What about the movies? Green Lantern has been stuck in limbo for a long time, but a few months ago Entertainment Weekly confirmed that there was a movie in development. Dubbed Green Lantern Corps, this film will be released in 2020, and as it's not just about Hal Jordan, it seems entirely possible (and even likely) that the DCEU will use Green Lantern Corps to introduce Alan Scott. Here's hoping they also introduce his boyfriend, too.
3. Catwoman / Selina Kyle
Ok, if Catwoman does appear in the DCEU it's highly likely she'll be a love interest for Batman. But considering the Bruce of the DCEU is getting on in years, it's entirely possible that his history with Selina Kyle could be just that: History. Personally, I would kill for a movie version of Catwoman where she flirts with Bruce, then marches off into the sunset with her current girlfriend. Because yes, Selina is bisexual in the comics.
What about the movies? Again, this would work in Batman's solo movie, but there's another film in which Catwoman could appear — Margot Robbie's solo flick focusing on Harley Quinn and the other female heroes and villains of DC Comics. Catwoman would be a purrfect fit (sorry, couldn't resist) for this movie, as the foil and occasional ally to the Birds of Prey.
4. Midnighter & Apollo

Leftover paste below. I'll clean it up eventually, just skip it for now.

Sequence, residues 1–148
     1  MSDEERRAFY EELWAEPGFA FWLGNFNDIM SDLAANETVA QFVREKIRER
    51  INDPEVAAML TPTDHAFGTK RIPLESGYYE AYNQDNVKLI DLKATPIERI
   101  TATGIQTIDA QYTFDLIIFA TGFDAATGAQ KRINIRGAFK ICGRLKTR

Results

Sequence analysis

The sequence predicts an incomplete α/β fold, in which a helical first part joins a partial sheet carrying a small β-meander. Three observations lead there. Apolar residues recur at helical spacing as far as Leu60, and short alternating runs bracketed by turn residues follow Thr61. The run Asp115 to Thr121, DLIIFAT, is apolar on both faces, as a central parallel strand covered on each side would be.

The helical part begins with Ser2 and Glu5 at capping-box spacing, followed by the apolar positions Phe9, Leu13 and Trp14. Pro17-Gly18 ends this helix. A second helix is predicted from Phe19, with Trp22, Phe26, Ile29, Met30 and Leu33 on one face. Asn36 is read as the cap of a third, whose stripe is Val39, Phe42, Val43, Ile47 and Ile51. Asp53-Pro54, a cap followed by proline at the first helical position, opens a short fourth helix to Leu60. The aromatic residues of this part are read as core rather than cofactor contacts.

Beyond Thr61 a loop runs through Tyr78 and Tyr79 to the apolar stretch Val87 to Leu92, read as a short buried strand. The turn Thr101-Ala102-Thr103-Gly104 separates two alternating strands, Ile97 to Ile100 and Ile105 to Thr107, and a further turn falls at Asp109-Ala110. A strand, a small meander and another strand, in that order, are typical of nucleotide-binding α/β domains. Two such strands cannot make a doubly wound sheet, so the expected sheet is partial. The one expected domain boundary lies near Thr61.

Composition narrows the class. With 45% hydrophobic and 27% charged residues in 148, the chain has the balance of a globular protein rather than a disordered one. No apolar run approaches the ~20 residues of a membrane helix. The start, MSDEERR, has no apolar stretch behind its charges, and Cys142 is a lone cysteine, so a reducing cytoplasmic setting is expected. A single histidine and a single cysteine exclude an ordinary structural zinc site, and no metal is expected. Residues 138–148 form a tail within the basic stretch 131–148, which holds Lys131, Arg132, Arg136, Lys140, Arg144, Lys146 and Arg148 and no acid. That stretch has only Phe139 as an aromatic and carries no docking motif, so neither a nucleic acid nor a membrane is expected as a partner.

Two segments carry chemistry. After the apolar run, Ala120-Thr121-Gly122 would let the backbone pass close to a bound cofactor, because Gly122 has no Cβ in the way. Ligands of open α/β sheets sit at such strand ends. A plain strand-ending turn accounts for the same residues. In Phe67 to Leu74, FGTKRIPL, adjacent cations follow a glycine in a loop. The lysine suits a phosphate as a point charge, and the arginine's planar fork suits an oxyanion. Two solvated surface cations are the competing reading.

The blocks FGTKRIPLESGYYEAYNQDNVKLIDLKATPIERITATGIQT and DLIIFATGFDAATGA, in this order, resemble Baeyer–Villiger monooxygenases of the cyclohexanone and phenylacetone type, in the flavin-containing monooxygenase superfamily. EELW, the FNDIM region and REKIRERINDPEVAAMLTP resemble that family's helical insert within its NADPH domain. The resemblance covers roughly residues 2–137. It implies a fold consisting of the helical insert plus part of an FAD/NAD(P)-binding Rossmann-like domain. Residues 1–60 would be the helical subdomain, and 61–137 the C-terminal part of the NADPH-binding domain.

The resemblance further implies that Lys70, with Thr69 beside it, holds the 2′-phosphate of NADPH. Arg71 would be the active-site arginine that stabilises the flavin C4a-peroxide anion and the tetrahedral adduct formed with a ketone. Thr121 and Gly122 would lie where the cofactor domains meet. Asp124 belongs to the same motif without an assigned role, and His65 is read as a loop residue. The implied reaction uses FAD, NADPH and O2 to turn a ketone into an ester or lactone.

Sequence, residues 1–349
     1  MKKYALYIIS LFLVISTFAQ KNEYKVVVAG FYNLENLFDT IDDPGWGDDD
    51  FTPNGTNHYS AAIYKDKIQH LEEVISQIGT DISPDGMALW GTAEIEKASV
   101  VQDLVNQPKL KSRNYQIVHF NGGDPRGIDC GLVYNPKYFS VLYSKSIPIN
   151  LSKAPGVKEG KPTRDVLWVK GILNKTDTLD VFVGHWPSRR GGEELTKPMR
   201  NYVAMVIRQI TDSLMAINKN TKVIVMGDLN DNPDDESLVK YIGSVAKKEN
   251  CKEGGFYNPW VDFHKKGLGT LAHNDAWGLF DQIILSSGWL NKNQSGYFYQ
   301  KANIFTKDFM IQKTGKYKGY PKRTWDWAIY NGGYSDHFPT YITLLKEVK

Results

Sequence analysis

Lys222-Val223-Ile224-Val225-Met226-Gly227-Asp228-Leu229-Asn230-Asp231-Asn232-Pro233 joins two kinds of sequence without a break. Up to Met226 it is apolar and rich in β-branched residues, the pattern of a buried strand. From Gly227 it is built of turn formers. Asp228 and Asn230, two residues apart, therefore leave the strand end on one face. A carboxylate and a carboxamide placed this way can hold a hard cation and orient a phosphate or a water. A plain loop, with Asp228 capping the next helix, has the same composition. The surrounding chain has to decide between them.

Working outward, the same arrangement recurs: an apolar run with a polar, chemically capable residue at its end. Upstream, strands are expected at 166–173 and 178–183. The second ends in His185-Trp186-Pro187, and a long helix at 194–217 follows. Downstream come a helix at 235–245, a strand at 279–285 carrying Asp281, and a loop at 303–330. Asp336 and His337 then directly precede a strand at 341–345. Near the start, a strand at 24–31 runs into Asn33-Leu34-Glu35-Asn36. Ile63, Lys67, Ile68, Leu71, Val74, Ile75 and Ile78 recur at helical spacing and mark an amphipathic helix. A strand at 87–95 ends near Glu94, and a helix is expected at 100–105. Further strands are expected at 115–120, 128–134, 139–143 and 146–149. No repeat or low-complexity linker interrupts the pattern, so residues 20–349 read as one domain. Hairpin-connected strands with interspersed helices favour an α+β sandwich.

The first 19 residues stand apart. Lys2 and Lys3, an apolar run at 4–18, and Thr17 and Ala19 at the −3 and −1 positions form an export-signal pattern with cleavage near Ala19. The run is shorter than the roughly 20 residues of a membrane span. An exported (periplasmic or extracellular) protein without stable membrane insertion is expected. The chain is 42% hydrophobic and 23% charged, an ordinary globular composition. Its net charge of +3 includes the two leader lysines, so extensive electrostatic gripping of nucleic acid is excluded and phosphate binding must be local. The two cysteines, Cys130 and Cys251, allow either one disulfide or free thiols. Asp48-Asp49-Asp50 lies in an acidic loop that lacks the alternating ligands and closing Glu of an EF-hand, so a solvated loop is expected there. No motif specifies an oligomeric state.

First appearing in Wildstorm comics, Midnighter and his husband Apollo became a part of the DC Comics canon when the two publishers merged in 1998. When they were first introduced, Midnighter and Apollo seemed to be an analogy of Batman and Superman, as the characters were very similar. But there was something different about the closeness of Midnighter and Apollo's relationship, as they were frequently depicted lounging together (half naked) after battles.
This became less and less subtle as the years wore on (and the less said about Mark Millar's punishing reign, the better), with the couple eventually getting married and adopting a daughter.
What about the movies? Granted, these characters are a little off-the-wall for the DCEU, and they're certainly not mainstream. But they work very well as a parallel to Batman and Superman, and should the DCEU introduce the concept of a multiverse, this would be very interesting to see.
5. Harley Quinn
"But Harley Quinn's already in the DCEU!" I hear you cry. While this is true, it seems increasingly likely that Suicide Squad will not include any reference to Harley Quinn's bisexuality, which is very clear in the comics as she flirts with everyone from Batman to Wonder Woman. However, Suicide Squad will focus on Harley getting over the Joker, and hints from Will Smith suggest that Harley might turn her eye to Deadshot next.
After Suicide Squad, there's always the prospect of Margot Robbie's movie, and we've got our fingers crossed that this film will introduce viewers to Harley's most endearing relationship yet — her romance with Poison Ivy.
Of all these characters, Harley Quinn seems to be the most likely to be DC's first LGBT superhero in the movies (though arguably she's a villain-come-antihero), but my money's on Alan Scott being the best next bet.
Which LGBT hero do you want to see in the DCEU?
[Source: Entertainment Weekly]